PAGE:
Draft Position Preview: Safeties

Perhaps the best class of safeties ever matches up nicely with our third-ranked Packers draft need. That list starts with USC's Taylor Mays, a big, athletic prospect with only modest production, but there is plenty of talent in the second round and beyond.

Packer Report continues its position-by-position looks at the NFL Draft with the safeties.

Packers position rank by need

Third of 13.

State of the Packers

Nick Collins is a two-time Pro Bowler who leads all NFL safeties with 13 interceptions over the last two seasons. The other starter, Atari Bigby, is a difference-maker when healthy but he's played in only 20 of a possible 32 regular-season games over the last two seasons. When he was out last season, the secondary was a disaster with Derrick Martin, Jarrett Bush and Matt Giordano leading to one gaffe after another and handcuffing coordinator Dom Capers.

Forget about ...

Tennessee's Eric Berry might not get out of the top eight and Texas' Earl Thomas probably doesn't get out of the top 20. Both are big-time ballhawks, with Berry adding a physical presence while Thomas can double as a nickel corner.

Possible targets

With the exception of Tim Tebow, the draft fate of USC's Taylor Mays will be the biggest storyline of this draft. One source called Mays the most talented physical specimen — regardless of position — that he had ever seen.

Mays is a huge man for the position at 6-foot-3 and 228 pounds. And he can run like the wind. His "official" time of 4.43 seconds in his 40-yard dash at the Scouting Combine is up to one-tenth of a second slower than most scouts recorded. Outside of perhaps return specialist Trindon Holliday and receiver Jacoby Ford, Mays is arguably the fastest player in this draft.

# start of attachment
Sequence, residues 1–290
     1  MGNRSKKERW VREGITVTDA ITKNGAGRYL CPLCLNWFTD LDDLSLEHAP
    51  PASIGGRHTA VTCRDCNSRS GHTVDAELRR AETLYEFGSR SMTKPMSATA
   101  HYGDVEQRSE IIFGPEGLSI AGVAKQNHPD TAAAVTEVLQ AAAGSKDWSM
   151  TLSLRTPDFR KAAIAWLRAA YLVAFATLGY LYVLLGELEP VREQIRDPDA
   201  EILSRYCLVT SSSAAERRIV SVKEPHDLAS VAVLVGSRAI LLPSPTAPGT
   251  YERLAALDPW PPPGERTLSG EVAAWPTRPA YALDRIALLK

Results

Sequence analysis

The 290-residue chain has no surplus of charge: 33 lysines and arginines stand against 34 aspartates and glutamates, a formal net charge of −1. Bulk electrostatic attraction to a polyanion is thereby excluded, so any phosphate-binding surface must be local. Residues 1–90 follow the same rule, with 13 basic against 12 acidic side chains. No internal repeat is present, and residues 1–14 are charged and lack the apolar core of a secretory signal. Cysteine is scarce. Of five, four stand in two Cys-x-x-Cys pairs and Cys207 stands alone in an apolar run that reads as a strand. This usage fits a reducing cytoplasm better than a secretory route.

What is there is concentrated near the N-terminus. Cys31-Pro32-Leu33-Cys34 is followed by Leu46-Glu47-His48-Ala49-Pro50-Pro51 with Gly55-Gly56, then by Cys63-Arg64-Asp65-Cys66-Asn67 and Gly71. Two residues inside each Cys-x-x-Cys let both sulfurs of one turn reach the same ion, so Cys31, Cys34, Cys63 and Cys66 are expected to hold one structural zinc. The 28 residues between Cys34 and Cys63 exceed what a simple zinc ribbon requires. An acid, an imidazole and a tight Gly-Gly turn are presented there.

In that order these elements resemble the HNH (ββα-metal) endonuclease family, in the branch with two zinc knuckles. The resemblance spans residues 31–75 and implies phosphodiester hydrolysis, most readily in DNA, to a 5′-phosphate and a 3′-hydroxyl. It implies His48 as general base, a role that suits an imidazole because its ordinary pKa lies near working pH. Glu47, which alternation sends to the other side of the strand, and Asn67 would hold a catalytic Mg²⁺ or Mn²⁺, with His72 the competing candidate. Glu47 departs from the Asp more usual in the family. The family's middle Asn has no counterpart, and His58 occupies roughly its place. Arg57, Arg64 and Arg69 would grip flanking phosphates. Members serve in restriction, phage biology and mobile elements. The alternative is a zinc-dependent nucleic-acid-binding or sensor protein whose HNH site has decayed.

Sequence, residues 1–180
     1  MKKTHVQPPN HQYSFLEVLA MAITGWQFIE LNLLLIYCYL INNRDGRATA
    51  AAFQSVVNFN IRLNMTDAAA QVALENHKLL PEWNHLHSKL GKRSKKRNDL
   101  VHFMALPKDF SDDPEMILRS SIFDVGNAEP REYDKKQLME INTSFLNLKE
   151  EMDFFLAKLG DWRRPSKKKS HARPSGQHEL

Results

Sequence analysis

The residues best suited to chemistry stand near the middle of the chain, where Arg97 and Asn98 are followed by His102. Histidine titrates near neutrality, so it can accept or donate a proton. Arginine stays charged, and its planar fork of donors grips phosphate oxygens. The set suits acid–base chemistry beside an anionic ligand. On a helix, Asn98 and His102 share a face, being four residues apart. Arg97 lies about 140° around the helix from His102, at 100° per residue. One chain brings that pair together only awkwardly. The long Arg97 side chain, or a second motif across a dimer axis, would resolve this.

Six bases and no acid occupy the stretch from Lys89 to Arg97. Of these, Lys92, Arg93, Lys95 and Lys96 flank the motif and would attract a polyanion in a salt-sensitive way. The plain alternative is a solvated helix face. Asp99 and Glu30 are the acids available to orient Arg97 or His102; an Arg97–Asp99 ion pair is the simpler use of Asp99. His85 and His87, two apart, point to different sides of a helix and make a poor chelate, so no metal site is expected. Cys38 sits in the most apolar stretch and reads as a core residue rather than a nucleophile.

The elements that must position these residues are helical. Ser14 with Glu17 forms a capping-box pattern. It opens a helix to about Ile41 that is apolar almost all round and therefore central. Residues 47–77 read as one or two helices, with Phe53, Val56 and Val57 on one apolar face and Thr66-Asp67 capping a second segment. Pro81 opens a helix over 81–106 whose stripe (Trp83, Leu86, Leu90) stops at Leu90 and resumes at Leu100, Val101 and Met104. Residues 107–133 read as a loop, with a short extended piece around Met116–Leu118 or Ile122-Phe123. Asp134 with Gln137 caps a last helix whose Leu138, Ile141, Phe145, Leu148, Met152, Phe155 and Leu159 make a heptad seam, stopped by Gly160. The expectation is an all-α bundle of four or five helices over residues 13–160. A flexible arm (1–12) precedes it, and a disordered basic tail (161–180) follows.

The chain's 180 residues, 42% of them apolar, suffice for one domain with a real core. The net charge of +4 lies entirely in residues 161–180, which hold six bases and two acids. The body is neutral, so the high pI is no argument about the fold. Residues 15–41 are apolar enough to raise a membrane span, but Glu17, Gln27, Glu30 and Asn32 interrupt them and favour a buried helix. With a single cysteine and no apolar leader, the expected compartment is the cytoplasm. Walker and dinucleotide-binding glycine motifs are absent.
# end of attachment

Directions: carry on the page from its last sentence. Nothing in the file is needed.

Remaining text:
And with all of those tools and with a star-studded supporting cast around him at USC, Mays managed five interceptions in four seasons. That's it. Thomas had eight in 2008 alone, while Berry and Georgia Tech's Morgan Burnett had seven apiece. Berry, Thomas and Burnett are ballhawks. Mays is a hitter who seemingly has horrendous ball skills. Considering the pass-happy nature of today's NFL, can you win with a safety who isn't at least average in pass defense?

No. 13: Quarterbacks
No. 12: Specialists
No. 11: Wide receivers
No. 10: Tight ends
No. 9: Nose tackles
No. 8: Running backs
No. 7: Defensive ends
No. 6: Inside linebackers
No. 5: Interior offensive line
No. 4: Outside linebackers

Nonetheless, with Mays' physical tools, it wouldn't be surprising if Packers safety coach Darren Perry were lobbying Ted Thompson at this moment, telling the general manager that he's the coach who could turn Mays' potential into reality. There's a good chance that Mays will be available at No. 23, and the prospects of a Collins-Mays safety duo certainly is enticing.

— This is arguably the best safety class in NFL history, and there will be talent on the board in the second and third rounds.

Burnett (6-2, 209) picked off 11 passes over his last two seasons and has a skill-set similar to that of Collins. He might be the best ballhawk in this draft aside from Thomas. He's probably better in run defense than South Florida's Nate Allen. Allen (6-1, 207) is a superb centerfielder and an underrated player in the run game. An all-Big East choice on the field and in the classroom, Allen picked off nine passes in three years as a starter. LSU's Chad Jones is the third second-round prospect in this bunch. He's a big man (6-2, 221) who stars on the baseball field as a left-handed reliever. He's not as fast (4.59 40) or as strong as Mays but he has a much better nose for the ball with three interceptions as a senior. Like Mays, he's a big hitter, but Jones is more fluid in space as an open-field tackler. Jones would be an intriguing option to take Bigby's role as the enforcer that allows Collins to roam the secondary.